• 7
    For those reading it in the end of 2015. There is a dblink Postgres extension for querying across databases now (that's a reply to @mattb comment). – Kamil Gosciminski Dec 3 '15 at 8:38
26

Definitely, I'll go for the one-db-many-schemas approach. This allows me to dump all the database, but restore just one very easily, in many ways:

  1. Dump the db (all the schema), load the dump in a new db, dump just the schema I need, and restore back in the main db.
  2. Dump the schema separately, one by one (but I think the machine will suffer more this way - and I'm expecting like 500 schemas!)

Otherwise, googling around I've seen that there is no auto-procedure to duplicate a schema (using one as a template), but many suggest this way:

  1. Create a template-schema
  2. When need to duplicate, rename it with new name
  3. Dump it
  4. Rename it back
  5. Restore the dump
  6. The magic is done.

I've written two rows in Python to do that; I hope they can help someone (in-2-seconds-written-code, don’t use it in production):

import os
import sys
import pg

# Take the new schema name from the second cmd arguments (the first is the filename)
newSchema = sys.argv[1]

# Temperary folder for the dumps
dumpFile = '/test/dumps/' + str(newSchema) + '.sql'

# Settings
db_name = 'db_name'
db_user = 'db_user'
db_pass = 'db_pass'
schema_as_template = 'schema_name'

# Connection
pgConnect = pg.connect(dbname= db_name, host='localhost', user= db_user, passwd= db_pass)

# Rename schema with the new name
pgConnect.query("ALTER SCHEMA " + schema_as_template + " RENAME TO " + str(newSchema))

# Dump it
command = 'export PGPASSWORD="' + db_pass + '" && pg_dump -U ' + db_user + ' -n ' + str(newSchema) + ' ' + db_name + ' > ' + dumpFile
os.system(command)

# Rename back with its default name
pgConnect.query("ALTER SCHEMA " + str(newSchema) + " RENAME TO " + schema_as_template)

# Restore the previous dump to create the new schema
restore = 'export PGPASSWORD="' + db_pass + '" && psql -U ' + db_user + ' -d ' + db_name + ' < ' + dumpFile
os.system(restore)

# Want to delete the dump file?
os.remove(dumpFile)

# Close connection
pgConnect.close()
11

I would say, go with multiple databases AND multiple schemas :)

Schemas in PostgreSQL are a lot like packages in Oracle, in case you are familiar with those. Databases are meant to differentiate between entire sets of data, while schemas are more like data entities.

For instance, you could have one database for an entire application with the schemas "UserManagement", "LongTermStorage" and so on. "UserManagement" would then contain the "User" table, as well as all stored procedures, triggers, sequences, etc. that are needed for the user management.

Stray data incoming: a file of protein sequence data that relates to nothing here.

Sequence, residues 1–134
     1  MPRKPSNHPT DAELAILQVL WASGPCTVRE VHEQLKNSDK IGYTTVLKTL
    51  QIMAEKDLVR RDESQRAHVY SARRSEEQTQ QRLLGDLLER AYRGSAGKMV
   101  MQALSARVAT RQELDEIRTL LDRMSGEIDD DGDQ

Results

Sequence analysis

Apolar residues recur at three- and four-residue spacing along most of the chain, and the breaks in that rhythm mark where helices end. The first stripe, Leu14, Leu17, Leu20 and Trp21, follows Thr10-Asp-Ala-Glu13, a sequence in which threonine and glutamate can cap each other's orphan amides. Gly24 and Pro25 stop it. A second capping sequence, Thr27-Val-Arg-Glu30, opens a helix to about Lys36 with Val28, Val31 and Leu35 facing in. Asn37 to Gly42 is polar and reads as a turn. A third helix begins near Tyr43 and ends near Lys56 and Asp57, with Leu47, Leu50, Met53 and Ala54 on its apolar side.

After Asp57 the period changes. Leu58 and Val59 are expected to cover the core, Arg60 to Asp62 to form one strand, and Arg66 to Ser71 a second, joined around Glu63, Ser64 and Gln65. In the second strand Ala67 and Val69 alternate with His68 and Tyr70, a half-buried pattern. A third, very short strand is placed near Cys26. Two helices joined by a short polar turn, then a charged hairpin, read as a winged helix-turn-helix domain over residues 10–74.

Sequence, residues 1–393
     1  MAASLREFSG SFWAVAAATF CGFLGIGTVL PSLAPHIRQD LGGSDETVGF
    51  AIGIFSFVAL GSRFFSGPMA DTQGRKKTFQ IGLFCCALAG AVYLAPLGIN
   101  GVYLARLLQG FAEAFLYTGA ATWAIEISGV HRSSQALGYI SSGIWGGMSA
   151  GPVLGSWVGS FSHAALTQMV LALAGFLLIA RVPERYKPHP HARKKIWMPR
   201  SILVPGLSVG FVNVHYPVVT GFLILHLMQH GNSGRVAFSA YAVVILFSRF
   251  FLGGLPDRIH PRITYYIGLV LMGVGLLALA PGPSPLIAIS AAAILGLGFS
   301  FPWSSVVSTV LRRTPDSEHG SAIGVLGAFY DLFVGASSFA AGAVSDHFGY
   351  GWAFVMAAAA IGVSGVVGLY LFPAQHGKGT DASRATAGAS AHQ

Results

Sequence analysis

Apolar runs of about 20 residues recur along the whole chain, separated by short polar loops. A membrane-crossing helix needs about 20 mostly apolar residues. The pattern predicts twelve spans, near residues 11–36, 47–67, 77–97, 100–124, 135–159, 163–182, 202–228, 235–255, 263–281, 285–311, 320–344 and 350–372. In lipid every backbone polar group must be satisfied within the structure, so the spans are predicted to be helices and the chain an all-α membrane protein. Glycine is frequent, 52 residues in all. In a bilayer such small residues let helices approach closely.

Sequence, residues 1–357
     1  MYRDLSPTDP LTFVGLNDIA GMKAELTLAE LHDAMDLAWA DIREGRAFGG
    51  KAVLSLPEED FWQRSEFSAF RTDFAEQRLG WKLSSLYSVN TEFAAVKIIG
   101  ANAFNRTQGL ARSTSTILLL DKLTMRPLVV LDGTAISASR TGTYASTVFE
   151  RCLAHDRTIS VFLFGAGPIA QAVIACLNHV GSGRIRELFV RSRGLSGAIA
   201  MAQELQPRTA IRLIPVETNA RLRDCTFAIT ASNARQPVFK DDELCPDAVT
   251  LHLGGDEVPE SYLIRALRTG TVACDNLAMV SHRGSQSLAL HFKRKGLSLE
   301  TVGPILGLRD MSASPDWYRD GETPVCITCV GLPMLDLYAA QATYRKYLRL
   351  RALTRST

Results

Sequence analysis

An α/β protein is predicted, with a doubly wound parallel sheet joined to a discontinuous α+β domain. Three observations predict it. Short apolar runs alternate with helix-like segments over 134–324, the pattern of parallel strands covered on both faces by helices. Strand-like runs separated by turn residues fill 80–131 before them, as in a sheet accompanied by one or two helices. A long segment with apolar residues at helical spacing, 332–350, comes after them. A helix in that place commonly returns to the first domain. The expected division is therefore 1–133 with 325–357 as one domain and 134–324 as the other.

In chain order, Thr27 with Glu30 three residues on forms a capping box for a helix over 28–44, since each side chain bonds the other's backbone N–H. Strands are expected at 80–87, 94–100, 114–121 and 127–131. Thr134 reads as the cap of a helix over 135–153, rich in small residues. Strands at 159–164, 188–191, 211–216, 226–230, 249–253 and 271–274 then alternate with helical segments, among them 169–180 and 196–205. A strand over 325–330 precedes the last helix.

Databases are entire programs, schemas are components.

  • 4
    ... and so i'll have 1 database, with inside the schemas: $customer1_user_schema, $customer2_user_schema, $customer3_user_schema, $customer1_documents_schema, $customer2_documents_schema, $customer3_documents_schema? Mh... dont seem a reliable way... and what about performance? And what about the code of my application (will be php and python)? so many schemas.. – Strae Jul 20 '09 at 15:22
  • 7
    @Strae: I'm reading this as: each customer has it's database customer1_database, customer2_database and within those databases you have user_schema, documents_schema. – frankhommers Dec 12 '16 at 22:02
4

A number of schemas should be more lightweight than a number of databases, although I cannot find a reference which confirms this.

But if you really want to keep things very separate (instead of refactoring the web application so that a "customer" column is added to your tables), you may still want to use separate databases: I assert that you can more easily make restores of a particular customer's database this way -- without disturbing the other customers.

4

In a PostgreSQL context I recommend to use one db with multiple schemas, as you can (e.g.) UNION ALL across schemas, but not across databases. For that reason, a database is really completely insulated from another database while schemas are not insulated from other schemas within the same database.

If you -for some reason- have to consolidate data across schemas in the future, it will be easy to do this over multiple schemas. With multiple databases you would need multiple db-connections and collect and merge the data from each database "manually" by application logic.

The latter have advantages in some cases, but for the major part I think the one-database-multiple-schemas approach is more useful.